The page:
As you may have guessed, the problem was how the “intellectual bloomers” had been chosen at random. There was nothing special about them. This enforced Rosenthal’s hypothesis that what the teachers believed would affect how they communicated with the children and the children would learn more than their peers who were considered unexceptional. Ouch. 

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Homeschool, Potpourri

Curiosity Lounge is changing to Graceful Homeschool

When I homeschool I like to take a break every six weeks and evaluate how things are going. During this break, I can make adjustments and change how we use our curriculum. I recently took a break from Curiosity Lounge while we moved and I reevaluated how this new blog is going. 

I love the idea of being curious about topics and other people but I found the website name to be too vague. Curiosity Lounge doesn’t specify who we are as writers and who you are as a community. I needed a name to accurately reflect our focus and the topics we want to write about in the future. 

The name Graceful Homeschool is inspired by the only magnet on my refrigerator. Last year a friend gave me a magnet that says, “Choose Grace.” At first I thought it was too sentimental, but over time this magnet has reminded me to calm me down and to have grace for myself and other people.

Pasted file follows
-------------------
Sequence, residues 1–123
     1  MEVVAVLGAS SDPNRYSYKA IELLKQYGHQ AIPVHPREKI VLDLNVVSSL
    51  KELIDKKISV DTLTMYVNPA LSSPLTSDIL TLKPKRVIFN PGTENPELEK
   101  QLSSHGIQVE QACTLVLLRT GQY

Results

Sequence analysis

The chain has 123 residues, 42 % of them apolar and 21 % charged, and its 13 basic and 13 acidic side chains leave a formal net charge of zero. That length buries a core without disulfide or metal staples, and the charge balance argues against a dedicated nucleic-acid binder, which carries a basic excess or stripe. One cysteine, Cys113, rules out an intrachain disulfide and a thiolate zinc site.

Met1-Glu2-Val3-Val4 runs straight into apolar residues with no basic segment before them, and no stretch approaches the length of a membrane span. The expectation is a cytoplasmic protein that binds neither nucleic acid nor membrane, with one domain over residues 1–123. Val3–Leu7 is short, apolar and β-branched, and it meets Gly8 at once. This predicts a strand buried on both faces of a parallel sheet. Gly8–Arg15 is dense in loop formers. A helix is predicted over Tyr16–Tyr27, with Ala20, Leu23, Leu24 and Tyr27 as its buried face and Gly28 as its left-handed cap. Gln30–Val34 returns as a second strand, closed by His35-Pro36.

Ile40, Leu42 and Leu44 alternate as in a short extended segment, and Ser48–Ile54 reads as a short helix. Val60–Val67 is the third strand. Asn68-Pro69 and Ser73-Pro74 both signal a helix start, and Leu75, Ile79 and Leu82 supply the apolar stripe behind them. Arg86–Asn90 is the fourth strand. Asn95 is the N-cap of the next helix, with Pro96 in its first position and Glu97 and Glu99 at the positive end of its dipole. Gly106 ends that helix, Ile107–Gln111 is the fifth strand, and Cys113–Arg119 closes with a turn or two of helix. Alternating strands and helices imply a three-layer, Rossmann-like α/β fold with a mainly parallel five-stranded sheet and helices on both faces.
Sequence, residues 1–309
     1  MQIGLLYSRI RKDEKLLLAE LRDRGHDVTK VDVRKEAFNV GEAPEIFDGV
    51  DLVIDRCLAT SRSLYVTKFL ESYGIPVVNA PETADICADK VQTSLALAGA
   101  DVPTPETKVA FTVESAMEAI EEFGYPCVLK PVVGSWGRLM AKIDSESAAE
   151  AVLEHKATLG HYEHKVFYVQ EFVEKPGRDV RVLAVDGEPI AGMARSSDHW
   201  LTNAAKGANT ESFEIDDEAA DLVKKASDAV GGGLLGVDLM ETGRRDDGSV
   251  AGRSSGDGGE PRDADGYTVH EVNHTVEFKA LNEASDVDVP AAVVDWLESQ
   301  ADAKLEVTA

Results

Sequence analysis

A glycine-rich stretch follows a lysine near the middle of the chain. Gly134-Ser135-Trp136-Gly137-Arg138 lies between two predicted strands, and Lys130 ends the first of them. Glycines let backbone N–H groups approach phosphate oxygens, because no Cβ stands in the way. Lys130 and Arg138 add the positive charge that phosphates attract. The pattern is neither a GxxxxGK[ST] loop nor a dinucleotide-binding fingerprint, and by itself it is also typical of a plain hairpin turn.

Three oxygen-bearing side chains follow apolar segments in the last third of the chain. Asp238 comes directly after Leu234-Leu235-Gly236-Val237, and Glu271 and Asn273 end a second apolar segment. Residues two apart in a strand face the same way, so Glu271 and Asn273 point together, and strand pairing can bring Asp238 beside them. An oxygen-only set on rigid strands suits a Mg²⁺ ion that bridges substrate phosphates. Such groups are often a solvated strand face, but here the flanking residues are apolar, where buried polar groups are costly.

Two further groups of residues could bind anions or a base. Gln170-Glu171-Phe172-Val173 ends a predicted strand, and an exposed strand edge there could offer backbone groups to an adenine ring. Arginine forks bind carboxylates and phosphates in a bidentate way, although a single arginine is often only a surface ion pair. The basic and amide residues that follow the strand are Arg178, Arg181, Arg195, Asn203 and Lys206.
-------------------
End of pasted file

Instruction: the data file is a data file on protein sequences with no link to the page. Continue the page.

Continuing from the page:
We need vats of grace in our daily lives and we especially need grace in our homeschools.

This blog is still in its earliest days and I didn’t feel like it was too late to make this tiny pivot. Thank you so much for having grace for me as I make sure this corner of the internet helps you along in your homeschool, find books you love, and inspire you when doubts and frustration arrive.

I’d love to know in the comments if you have any questions about homeschooling or books. I know there are a lot of resources available to homeschooling families, but we’d love to help answer any questions you have about this exciting and scary journey of educating our kids.

What would like to know more about in the world of homeschool?

Faith, Homeschool, Parenting

Be Thou My Vision

I will never forget that day. We were sitting at a very routine eye doctor appointment, not suspecting that anything was wrong. When my very bright and precocious 9-year-old says, “I know the top letter is an E because it’s always an E. But I can’t see it.” It was as if time stopped. Wait, what? He’s kidding, surely…. “No, mom. I really can’t see it.”